Hugo, a 12th grade student at João Gonçalves Zarco School, 'travelled' more than 300 kilometres from Matosinhos, in the Porto district, to the Explora room, in Pavilhão do Conhecimento, in Lisbon, without having to leave the classroom.

Using virtual reality glasses and the 5G network, the young student, who 'guided' a robot with a 360-degree camera in Lisbon, interacted with a guide who made demonstrations and asked questions about scientific experiments, such as the convergence and divergence of light or meteorological phenomena.

This school, which has the most advanced mobile communications network for the development of pilot projects in the area of ​​education, has signed a protocol between NOS and Ericsson to develop technological projects that “allow the school community to make the most of” the 5G network.

"We believe that with the introduction of 5G technology, we will be able to bring about a democratisation of education, in the sense that we can allow students to give in to almost any type of experience without any geographical or content access barriers", stressed the executive administrator of NOS, Manuel Ramalho Eanes.

The official was speaking to journalists after the signing of the protocol and inauguration of the first 5G school, which included, among others, the presence of the mayor of Matosinhos, Luísa Salgueiro.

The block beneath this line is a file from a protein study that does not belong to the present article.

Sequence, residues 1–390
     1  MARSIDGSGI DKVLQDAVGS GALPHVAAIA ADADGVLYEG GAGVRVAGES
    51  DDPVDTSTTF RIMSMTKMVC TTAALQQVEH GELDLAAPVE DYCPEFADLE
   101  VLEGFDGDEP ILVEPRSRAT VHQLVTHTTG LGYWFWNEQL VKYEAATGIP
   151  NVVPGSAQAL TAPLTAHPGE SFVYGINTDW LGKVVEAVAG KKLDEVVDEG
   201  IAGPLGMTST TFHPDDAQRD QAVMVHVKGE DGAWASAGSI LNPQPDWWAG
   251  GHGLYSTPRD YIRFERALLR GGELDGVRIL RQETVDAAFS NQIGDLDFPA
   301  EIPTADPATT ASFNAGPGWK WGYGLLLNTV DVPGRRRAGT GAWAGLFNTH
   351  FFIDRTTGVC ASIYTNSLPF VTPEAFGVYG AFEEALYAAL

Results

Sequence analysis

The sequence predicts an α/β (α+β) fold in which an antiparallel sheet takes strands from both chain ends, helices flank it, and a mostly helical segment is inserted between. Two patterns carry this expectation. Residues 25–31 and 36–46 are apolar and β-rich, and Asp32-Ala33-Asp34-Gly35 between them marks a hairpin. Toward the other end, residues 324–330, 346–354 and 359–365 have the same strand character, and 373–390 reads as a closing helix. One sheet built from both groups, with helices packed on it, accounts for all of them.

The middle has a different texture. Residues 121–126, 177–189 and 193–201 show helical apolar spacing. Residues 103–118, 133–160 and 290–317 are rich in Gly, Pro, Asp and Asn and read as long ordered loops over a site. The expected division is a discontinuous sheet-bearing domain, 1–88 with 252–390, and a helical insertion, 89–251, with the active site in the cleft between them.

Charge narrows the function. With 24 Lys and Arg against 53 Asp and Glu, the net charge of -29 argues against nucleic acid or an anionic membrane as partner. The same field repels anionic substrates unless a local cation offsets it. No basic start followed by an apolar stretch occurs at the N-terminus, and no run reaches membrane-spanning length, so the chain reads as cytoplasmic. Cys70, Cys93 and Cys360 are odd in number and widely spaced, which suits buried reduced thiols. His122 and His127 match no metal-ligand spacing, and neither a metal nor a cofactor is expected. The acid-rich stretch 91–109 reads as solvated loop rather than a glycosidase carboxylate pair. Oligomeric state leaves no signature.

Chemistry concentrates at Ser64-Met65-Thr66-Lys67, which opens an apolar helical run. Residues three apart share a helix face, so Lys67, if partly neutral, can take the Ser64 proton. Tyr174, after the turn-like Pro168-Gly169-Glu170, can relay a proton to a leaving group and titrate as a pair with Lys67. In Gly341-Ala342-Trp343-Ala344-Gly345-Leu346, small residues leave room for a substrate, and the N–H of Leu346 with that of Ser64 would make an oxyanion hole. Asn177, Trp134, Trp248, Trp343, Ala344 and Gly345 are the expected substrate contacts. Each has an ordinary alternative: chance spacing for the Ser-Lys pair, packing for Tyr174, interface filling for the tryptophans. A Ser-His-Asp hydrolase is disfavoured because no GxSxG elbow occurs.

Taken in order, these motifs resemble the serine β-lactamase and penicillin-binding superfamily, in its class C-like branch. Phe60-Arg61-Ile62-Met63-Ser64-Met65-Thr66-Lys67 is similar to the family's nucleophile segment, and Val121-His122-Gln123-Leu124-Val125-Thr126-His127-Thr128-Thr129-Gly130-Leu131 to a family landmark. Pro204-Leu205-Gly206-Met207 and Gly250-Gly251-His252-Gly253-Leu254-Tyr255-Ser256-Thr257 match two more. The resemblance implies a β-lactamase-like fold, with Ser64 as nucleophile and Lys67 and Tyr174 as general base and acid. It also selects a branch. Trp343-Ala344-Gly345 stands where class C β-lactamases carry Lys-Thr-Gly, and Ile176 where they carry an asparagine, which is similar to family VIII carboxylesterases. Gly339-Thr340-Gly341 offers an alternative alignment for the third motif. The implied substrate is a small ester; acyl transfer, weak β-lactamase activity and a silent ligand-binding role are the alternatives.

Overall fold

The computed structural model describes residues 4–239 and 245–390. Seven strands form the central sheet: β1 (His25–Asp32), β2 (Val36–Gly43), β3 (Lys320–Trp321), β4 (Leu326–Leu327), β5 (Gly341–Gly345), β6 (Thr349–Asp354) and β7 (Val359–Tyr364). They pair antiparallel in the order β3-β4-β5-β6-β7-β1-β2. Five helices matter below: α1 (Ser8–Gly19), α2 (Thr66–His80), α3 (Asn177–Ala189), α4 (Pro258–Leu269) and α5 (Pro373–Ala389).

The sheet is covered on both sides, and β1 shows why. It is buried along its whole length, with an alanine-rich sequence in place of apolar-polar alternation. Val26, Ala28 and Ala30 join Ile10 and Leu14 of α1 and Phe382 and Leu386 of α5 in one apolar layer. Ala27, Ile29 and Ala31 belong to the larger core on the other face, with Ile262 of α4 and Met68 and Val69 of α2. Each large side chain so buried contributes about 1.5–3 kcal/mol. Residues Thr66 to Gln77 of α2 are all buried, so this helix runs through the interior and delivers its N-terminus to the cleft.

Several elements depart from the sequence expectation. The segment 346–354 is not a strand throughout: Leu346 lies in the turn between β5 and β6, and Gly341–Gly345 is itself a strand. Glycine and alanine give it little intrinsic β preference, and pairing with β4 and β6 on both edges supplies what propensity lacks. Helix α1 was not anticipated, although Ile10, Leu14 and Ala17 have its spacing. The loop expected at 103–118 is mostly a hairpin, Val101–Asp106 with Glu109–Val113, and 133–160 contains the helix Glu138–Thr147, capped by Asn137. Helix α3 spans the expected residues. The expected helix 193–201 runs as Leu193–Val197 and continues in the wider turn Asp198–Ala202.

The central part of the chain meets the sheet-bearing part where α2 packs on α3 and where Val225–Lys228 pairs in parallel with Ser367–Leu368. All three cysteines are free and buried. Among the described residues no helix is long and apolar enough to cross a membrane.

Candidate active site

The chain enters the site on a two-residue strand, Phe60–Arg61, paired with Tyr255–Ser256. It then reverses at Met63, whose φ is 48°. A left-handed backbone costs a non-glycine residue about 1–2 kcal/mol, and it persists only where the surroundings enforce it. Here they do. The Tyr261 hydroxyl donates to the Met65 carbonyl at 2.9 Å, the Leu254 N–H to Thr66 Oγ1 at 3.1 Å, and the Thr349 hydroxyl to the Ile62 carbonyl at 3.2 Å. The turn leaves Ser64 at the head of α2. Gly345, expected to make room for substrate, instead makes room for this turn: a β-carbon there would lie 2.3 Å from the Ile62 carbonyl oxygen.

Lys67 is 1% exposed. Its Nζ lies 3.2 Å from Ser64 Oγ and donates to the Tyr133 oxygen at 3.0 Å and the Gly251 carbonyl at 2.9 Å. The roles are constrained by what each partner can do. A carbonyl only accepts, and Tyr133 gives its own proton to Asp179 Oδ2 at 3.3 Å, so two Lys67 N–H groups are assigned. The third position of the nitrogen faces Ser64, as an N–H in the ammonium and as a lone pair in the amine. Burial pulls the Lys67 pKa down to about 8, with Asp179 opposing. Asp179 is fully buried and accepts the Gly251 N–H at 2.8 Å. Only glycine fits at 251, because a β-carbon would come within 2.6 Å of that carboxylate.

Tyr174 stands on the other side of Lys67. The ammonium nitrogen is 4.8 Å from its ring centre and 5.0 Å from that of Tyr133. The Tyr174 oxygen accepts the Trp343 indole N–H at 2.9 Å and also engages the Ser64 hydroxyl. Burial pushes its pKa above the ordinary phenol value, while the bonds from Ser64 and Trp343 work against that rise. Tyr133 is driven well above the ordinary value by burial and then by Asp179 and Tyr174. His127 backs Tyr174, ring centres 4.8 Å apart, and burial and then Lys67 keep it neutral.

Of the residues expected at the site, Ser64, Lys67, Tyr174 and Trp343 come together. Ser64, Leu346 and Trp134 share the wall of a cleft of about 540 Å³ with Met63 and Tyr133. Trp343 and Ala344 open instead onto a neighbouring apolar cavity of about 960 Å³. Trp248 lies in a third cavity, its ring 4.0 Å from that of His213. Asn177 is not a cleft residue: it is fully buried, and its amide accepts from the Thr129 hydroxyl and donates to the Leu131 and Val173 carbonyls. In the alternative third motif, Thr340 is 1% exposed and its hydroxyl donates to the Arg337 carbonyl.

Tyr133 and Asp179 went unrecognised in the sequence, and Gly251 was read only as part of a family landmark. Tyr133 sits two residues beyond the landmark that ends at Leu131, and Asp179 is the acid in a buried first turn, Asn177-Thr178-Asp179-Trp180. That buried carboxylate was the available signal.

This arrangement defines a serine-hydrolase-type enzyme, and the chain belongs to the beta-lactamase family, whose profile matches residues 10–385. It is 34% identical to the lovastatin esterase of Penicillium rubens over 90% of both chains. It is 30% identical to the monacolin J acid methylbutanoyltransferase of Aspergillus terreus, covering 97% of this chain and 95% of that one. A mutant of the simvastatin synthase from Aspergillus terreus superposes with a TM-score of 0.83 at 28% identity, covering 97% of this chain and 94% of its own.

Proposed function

Manuel Ramalho Eanes wants this technology to help make “content more appealing, more interesting and with more value” to “facilitate learning”.

“By working together with the school and Ericsson, we can come to a broader learning concept, with more quality and which also helps to motivate students more”, he said.

As examples, in addition to virtual study visits to "anywhere in the world", Manuel Ramalho Eanes also pointed out the study of the human body, through visualization in three dimensions, or augmented reality, noting that it is something that medical students need.

For the director of Escola João Gonçalves Zarco, José Ramos, it is with “pride” to be a pioneer in the educational project, although he does not know “very well what will happen”.

“We expect that the curricula of the various disciplines can be worked in a different way. It can be an excellent way for us to work in a classroom without being all together, whether students or teachers”, he stressed.

José Ramos recalled that everything in life is now "a click away" and that 5G "will effectively allow a classroom to be transplanted to any part of the world" and "enable students to experience situations that help them to incorporate knowledge more easily".

Even so, the director of the Matosinhense school, which teaches around 1,800 students in the third cycle, secondary and adults, said that the use of the means now available will depend on the “boldness” and “ability of teachers to use them”.

“Nowadays we have interactive whiteboards in the various classrooms and not everyone uses them. Not everyone wanted to risk leaving the chalkboard or pen to move to a different board”, he said.

“The expectation I have is that technology will effectively allow us to see the teaching process in a different way, with lenses that we do not have at this moment”, he concluded.